Dear Prof. Landsmann,
this is a very exciting essay! I have only given it a first pass, but as far as I understand, you propose to extend the scope of Bell's theorem from the statistics of ensembles of measurement outcomes to the characteristics of individual outcome strings, thus uncovering the incompatibility of quantum mechanics with (a certain notion of) determinism.
I think this is a highly original way to think about these issues; certainly, most treatments never leave the level of statistical analysis, but of course, the statistical properties of an ensemble don't suffice to fix those of its members. I'm reminded of the old joke: the average human has one testicle and one breast, features which a 'theory' of beings that have one testicle and one breast each may well replicate; but that theory would fail badly at reproducing the characteristics of humans on an individual basis.
Again, if I understand you correctly, your main argument is that the deterministic replacements of quantum mechanics fail to replicate the typicality of individual outcome strings, while meeting the requirements posed by the Born rule. That outcome sequences of quantum mechanics must be Kolmogorov random has been argued before, in various ways---Yurtsever has argued that computable pseudorandomness would lead to exploitable signalling behavior (https://arxiv.org/abs/quant-ph/9806059), echoed by Bendersky et al., who explicitly prove that non-signalling deterministic models must be noncomputable, if they are to recapitulate the predictions of quantum mechanics (https://journals.aps.org/prl/abstract/10.1103/PhysRevLett.118.130401). Likewise, Calude and Svozil have argued for non-computability from a generalization of the Kochen-Specker theorem (https://arxiv.org/abs/quant-ph/0611029). (And of course, there are my own efforts, see https://link.springer.com/article/10.1007/s10701-018-0221-9, which also makes use of Chaitin's incompleteness theorem, and my contribution to this contest.)
Thus, the randomness of any quantum outcome sequence can't be produced by any effective means, and hence, any deterministic theory must either fail to reproduce these outcome sequences, or otherwise incorporate this randomness by fiat (as in the Bohmian equilibrium hypothesis), which renders its origin essentially mysterious.
It seems to me that at the heart of this is really the observation that you can write any noncomputable function as a finite algorithm that has access to an infinite reservoir of (algorithmic) randomness. In this way, Bohmian mechanics can play the role of the algorithmic part, which has to be augmented by an infinite random string in order to replicate the quantum predictions.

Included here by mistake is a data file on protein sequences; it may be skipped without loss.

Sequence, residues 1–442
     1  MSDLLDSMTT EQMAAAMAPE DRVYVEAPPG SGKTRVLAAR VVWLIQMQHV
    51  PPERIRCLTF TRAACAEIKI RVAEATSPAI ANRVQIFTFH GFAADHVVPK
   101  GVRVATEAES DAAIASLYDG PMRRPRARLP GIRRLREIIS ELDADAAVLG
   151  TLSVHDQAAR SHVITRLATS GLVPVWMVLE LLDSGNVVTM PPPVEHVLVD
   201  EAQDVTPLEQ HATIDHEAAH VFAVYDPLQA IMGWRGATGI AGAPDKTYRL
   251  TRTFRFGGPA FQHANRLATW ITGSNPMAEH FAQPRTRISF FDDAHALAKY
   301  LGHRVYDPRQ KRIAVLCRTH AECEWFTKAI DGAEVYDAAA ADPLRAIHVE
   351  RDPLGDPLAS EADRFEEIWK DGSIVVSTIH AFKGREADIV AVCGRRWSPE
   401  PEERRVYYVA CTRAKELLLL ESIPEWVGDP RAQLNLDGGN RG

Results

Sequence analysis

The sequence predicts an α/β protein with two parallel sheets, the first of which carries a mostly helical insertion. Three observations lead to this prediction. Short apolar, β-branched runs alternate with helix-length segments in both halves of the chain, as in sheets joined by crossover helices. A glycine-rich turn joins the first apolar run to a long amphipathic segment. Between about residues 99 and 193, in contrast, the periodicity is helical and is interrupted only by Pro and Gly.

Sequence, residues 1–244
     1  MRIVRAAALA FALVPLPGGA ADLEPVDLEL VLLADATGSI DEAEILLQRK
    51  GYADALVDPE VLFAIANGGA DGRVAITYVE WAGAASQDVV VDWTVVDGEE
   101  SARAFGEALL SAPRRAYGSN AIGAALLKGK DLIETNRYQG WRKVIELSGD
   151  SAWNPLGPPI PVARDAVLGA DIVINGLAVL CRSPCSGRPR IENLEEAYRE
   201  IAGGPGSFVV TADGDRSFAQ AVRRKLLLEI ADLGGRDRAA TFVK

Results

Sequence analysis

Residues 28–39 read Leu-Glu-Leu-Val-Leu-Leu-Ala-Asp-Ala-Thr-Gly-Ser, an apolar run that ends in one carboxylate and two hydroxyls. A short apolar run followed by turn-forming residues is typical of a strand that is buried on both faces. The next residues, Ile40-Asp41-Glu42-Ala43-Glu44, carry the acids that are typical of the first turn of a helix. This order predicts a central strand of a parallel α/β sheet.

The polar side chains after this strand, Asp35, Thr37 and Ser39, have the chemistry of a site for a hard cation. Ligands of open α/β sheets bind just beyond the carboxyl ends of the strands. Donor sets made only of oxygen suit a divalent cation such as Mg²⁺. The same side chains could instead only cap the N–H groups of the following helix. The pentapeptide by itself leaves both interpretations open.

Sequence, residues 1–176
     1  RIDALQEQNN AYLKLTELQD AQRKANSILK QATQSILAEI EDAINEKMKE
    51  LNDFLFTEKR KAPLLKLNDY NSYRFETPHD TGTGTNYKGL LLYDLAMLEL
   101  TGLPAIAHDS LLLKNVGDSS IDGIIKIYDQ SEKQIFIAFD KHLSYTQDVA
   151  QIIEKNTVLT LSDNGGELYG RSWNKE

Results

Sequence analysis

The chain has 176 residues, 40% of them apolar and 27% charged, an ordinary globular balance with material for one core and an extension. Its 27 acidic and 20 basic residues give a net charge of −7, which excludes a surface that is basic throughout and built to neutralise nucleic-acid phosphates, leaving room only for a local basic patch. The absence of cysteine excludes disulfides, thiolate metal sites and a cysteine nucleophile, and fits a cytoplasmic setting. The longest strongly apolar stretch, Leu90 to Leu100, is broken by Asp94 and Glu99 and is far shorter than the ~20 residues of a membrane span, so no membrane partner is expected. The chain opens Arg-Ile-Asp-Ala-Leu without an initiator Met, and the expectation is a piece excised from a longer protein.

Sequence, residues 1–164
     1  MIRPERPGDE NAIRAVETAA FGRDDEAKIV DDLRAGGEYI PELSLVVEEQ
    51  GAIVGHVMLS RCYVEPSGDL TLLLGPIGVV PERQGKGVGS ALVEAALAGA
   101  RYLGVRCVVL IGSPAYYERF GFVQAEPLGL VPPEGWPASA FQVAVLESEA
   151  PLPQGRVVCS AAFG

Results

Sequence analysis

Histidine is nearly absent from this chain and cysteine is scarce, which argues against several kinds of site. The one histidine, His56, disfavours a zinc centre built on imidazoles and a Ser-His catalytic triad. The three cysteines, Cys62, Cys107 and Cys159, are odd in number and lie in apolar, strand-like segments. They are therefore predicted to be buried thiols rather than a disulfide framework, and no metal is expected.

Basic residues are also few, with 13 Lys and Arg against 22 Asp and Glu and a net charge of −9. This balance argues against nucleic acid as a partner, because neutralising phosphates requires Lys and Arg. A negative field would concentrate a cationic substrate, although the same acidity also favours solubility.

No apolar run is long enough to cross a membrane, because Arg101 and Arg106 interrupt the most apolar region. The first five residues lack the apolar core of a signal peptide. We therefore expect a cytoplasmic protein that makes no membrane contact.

There is, however, another way that's quite popular at present---you can also just compute any sequence whatsoever in parallel, by an 'interleaving' algorithm that just outputs all possible bit strings, running forever. A measure-1 subset of the strings produced in this way will by typical, but the overall operation is, of course, quite deterministic. This is basically the sense in which the many worlds interpretation is deterministic: if we just look at any given bitstring as a single 'world', then in general one would expect to find oneself in a world that's algorithmically random.
Another observation of yours I also found highly interesting, namely, that in principle the non-signalling nature of quantum mechanics should be considered as a statistical notion, like the second law of thermodynamics. In the limit of infinitely long strings, the non-signalling principle will hold with probability 1, but for finite lengths, deviations may be possible. However, one probably couldn't get any 'useful' violations of non-signalling out of this, because one could probably not certify these sorts of violations (although perhaps one could provide a bound in such a way that Alice and Bob will agree on a certain message with slightly higher probability than merely by guessing, with that probability going to the guessing probability with the length of the message).
Anyway, thanks for this interesting contribution. I wish you the best of luck in this contest!